Attributions change, and works once identified with one artist are subsequently assigned to another, or often, to pupils of the artist. Sometimes the reverse happens, and works once assigned to another hand are recognized as coming from that of the master.
The Getty Museum is currently exploring this concept with an exhibit titled Drawings by Rembrandt & His Pupils: Telling the Difference.
In the web site material for the exhibit is an interactive that compares drawings by Rembrandt side by side with similar drawings by his students and contemporaries; many of the latter drawings having once been attributed to Rembrandt.
The Wall Street Journal has an article about the exhibit that also has an interactive. In this case they present the compared sets of drawings without initially identifying the artist, letting you play detective in determining which is by Rembrandt. (It’s hard to predict if this article may disappear behind a pay-wall at some point.)
The interactive on the Getty’s site allows you to zoom in on the images, affording a detailed view of the drawings.
Drawings by Rembrandt & His Pupils: Telling the Difference runs to February 28th at the Getty Center. There is a concurrent exhibit, Drawing Life: The Dutch Visual Tradition, that should provide a rich context for the Rembrandt show.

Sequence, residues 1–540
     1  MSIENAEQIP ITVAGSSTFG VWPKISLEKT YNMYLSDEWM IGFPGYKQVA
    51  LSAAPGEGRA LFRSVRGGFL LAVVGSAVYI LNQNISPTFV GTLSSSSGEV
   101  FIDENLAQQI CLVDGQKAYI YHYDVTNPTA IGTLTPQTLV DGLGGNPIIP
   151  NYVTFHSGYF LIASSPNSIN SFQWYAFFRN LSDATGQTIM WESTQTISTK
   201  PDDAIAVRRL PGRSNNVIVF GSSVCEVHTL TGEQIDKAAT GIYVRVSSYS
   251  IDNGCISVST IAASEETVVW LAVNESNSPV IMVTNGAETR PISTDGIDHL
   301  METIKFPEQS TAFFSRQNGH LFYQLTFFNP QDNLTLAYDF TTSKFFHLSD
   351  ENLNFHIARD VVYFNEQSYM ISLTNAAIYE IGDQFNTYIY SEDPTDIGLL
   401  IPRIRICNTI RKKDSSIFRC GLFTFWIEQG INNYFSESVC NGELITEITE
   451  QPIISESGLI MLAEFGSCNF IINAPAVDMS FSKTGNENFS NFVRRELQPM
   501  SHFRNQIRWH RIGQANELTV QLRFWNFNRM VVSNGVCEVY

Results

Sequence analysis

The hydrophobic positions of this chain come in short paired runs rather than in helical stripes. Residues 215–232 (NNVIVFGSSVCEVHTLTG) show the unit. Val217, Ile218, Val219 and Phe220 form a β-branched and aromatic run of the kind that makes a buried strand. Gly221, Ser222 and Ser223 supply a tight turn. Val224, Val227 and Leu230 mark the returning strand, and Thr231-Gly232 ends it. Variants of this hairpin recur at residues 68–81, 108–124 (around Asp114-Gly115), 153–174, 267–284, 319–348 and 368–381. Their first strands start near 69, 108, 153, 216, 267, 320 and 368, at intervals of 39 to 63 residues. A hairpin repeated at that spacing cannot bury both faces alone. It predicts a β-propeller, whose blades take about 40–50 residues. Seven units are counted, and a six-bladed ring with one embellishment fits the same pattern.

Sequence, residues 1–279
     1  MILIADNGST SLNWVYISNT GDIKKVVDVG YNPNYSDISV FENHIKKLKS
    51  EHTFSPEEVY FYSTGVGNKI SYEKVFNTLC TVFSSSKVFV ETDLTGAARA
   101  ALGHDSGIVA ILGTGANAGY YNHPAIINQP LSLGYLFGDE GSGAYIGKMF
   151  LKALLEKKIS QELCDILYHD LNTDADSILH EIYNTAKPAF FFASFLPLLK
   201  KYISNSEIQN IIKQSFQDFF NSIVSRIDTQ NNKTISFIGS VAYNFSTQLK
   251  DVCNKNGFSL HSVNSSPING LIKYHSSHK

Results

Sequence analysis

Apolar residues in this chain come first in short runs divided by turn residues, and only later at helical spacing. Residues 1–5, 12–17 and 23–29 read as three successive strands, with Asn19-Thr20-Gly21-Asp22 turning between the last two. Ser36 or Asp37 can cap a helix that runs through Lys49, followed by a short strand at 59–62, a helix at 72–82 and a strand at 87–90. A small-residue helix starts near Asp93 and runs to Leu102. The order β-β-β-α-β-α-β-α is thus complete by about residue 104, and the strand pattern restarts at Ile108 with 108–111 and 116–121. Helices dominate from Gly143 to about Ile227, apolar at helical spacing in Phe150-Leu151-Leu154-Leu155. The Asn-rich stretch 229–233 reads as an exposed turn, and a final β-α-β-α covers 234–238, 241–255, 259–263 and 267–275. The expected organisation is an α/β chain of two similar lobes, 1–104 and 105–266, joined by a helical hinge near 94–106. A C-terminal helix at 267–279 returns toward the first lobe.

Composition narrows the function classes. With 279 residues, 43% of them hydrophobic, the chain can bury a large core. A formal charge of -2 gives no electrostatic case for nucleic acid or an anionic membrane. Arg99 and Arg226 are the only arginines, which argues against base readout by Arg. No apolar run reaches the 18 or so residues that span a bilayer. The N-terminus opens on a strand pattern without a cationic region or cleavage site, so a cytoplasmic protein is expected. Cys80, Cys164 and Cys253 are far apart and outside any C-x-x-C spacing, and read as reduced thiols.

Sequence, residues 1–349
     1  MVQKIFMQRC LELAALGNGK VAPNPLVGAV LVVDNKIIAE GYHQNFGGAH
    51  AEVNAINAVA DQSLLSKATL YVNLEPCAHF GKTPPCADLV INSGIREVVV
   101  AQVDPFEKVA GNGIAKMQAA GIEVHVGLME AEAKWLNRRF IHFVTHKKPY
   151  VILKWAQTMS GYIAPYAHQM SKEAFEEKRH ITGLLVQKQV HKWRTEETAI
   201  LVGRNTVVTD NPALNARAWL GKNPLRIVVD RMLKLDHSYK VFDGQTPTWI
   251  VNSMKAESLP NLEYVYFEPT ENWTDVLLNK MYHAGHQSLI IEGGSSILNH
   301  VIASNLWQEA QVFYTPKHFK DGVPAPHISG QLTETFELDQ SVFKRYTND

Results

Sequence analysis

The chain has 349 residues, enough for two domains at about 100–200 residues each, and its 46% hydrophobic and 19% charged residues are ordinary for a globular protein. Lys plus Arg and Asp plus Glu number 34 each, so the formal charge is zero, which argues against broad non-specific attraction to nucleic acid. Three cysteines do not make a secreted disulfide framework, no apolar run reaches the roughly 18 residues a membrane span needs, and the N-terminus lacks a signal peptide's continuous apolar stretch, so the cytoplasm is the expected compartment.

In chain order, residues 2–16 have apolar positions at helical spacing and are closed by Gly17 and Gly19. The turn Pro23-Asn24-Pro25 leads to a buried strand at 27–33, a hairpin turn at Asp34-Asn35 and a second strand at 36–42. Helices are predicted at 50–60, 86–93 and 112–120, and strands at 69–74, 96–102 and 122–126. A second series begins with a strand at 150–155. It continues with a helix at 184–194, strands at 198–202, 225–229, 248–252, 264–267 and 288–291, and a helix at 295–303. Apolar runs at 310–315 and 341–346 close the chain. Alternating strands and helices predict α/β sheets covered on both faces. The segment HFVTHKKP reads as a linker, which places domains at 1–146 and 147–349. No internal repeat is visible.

There is also a virtual exhibit called Rembrandt in Southern California, that features images of 14 Rembrandts on view in five Southern California Museums.
For more background, and lots more Rembrandt drawings, see Rembrandt’s Drawings on Jonathan Janson’s Rembrandt van Rijn: Life and Work, and my posts on that site (formerly called Rembrandt: life, paintings, etchings, drawings and self portraits), and Jonathan Janson.
There is a book published to accompany the exhibit: Drawings by Rembrandt and His Pupils: Telling the Difference; and there is also a nice book of Rembrandt drawings that came out in 2007: Rembrandt Drawings: 116 Masterpieces in Original Color.